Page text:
Need a stainless steel impeller for a Mercury 25/20

Discussion in 'Boat Tips' started by Semper_Fi, Dec 17, 2006.

  1. Semper_Fi

    Semper_Fi New Member

    Messages:
    36
    State:
    Pennsylvania
    I am considering a newer Mercury outboard jet for my Lowes' Roughneck 1448, but after reading the article on jet engine performance, I'm wondering if a stainless 4 blade impeller wouldn't be a better solution. The boat performed well until I added a wooden floor and front trolling motor and battery. Now it is slow coming up on plane and with another person, almost impossible. My problem is I cannot find a source for the replacement impeller............ anyone know of one?

    Thanks,
    Ernie
     
  2. boliver

    boliver New Member

    Messages:
    198
    State:
    Rudy Ark
    i guess you mean propeller, go to the mercury marine website and get the part #. then you can either get one there or go to ebay and look in boat parts there is usually a lot of them listed if you are lucky one may fit you motor. good luck. boliver
     

  3. Bubbakat

    Bubbakat New Member

    Messages:
    4,532
    State:
    McMinnvill
    What has happened is the added weight won't let the engine reach its potential rpm's. What you need to do is drop one size in you pitch on the propeller. If you add a SS 4 blade prop at the same pitch you have now it will slow that engine down even more.
    There are other alternatives to getting it up on plane faster.
     
  4. Mark J

    Mark J New Member

    Messages:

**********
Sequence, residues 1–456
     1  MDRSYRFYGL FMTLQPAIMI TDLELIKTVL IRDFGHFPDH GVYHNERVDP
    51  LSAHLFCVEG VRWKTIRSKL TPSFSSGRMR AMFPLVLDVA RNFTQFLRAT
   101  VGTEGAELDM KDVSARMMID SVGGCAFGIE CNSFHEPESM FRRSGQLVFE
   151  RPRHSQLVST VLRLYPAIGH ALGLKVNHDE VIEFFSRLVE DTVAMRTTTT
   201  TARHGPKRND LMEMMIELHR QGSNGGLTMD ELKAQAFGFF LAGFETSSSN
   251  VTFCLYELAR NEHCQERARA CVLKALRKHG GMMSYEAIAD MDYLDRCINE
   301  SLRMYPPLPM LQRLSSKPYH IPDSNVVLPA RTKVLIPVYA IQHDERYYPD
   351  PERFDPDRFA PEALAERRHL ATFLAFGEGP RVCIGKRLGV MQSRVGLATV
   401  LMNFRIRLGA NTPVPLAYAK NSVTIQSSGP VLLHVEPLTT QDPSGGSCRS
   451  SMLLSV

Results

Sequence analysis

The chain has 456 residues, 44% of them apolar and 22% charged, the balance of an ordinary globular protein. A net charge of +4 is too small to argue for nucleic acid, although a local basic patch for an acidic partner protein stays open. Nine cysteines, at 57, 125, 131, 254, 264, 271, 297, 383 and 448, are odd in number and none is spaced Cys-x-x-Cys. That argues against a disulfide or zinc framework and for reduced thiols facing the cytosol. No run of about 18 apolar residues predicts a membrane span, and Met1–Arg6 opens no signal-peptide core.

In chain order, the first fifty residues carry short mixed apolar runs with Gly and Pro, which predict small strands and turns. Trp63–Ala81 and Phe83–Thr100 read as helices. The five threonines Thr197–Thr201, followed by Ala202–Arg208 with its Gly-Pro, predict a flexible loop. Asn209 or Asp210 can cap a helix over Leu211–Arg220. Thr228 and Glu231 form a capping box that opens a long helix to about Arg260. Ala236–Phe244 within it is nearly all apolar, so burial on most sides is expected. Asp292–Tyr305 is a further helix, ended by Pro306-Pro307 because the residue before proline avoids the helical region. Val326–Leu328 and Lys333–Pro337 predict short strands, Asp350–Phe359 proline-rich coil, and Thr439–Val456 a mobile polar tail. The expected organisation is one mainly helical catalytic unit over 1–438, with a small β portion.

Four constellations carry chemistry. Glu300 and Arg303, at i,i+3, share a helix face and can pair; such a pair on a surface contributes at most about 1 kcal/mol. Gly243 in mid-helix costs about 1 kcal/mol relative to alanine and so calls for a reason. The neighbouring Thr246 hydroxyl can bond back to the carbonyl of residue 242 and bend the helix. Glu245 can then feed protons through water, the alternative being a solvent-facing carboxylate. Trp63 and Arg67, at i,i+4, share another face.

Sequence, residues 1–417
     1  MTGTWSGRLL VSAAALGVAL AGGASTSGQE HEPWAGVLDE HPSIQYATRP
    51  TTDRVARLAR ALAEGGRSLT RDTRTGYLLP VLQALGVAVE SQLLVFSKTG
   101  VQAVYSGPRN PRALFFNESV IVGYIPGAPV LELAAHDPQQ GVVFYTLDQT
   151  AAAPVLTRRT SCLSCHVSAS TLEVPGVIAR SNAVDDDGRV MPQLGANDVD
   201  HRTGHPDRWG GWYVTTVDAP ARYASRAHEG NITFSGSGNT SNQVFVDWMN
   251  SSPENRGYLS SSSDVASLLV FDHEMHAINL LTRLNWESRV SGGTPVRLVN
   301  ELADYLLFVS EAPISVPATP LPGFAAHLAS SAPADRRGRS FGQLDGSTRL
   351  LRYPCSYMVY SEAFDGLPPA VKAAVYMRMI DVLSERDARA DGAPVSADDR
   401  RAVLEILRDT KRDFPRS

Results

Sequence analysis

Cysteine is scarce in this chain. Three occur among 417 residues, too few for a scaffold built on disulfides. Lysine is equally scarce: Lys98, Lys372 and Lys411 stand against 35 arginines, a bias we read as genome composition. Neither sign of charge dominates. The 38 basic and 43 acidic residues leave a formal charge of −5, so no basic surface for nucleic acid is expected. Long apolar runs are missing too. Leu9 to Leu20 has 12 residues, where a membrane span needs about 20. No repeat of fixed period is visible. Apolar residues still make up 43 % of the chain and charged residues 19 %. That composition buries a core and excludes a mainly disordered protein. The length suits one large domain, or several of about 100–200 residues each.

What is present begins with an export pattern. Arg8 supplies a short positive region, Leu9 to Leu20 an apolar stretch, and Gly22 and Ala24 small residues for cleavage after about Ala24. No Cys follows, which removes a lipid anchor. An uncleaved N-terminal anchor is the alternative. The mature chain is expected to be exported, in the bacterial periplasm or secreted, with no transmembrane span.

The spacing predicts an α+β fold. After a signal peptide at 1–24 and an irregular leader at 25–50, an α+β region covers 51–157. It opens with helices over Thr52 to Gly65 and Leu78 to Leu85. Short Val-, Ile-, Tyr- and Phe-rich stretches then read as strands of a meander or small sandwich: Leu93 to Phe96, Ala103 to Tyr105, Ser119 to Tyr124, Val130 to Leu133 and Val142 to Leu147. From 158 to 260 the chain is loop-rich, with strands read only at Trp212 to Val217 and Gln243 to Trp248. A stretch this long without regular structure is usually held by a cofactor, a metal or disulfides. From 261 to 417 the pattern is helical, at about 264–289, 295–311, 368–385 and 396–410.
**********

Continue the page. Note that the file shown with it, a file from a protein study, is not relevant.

9,407
    State:
    Four Oaks, NC
    3/4" plywood is overkill. Treated plywood is saturated with water and in a boat its doubtful it would ever dry out.

    Plywood floors in boats are typically 1/2".
    A sheet of 3/4" inch exterior grade North American plywood weighs about 69 pounds give or take a few pounds by species.
    Your Southern yellow pine treated plywood would be up around 85 pounds a sheet depending on water content.

    What I would do.
    Either use a product called Nidacore. It seems expensive at first glance and you can buy it one of two ways. Already glassed or unglassed.
    It's lightweight and comes in thicknesses up to 2 inches thick.

    Or buy 1/2" exterior plywood Glass the topside with a 12oz biaxial fabric using epoxy and just put 3 to 4 coats of epoxy on the bottom side and the edges.

    When you do the math neither of these options is over the top expense wise for a floor that will last.

    There are many products available that are made for boats that are proven to last that virtually anyone can work without special skills or tools.

    Its a false economy to cut corners in order to save money when putting wood in a boat. You have to do it right or you'll do it over and over again putting you well above the cost of doing it right one time.

    How much faith do I have in the products made today for wood boats?
    Alot. It's all I'll ever own. You cant beat the weight to strength ratio of plywood verses aluminum or fiberglass.
    Alot of your multi million dollar sportfish boats are sheathed entirely in plywood/fiberglass/epoxy and they spend year after year sitting in saltwater other then the occasional haulouts for hull scraping. Usually bi annually.

    When building a boat or adding to a boat the first thought is saving weight.
    It's not a house. Your boat floor doesn't maintain the same live loads or dead loads incurred in a house. Build accordingly.

    If you are on the lower end of horsepower the boat is rated for building light is even more paramount. You cant force an engine to put out more then its rating. Going to a stainless steel prop would be a waste of money in this case. It wont fix a weight issue.
     
  5. Semper_Fi

    Semper_Fi New Member

    Messages:
    36
    State:
    Pennsylvania
    I'm sorry, I didn't explain my motor clearly enough. It is a 25/20 jet. The article in the Pennsylvania Angler claimed an increase of approx. 18% by replacing the three blade impeller with the 4 blade stainless one. I figure that should be enough to solve my problem.

    Ernie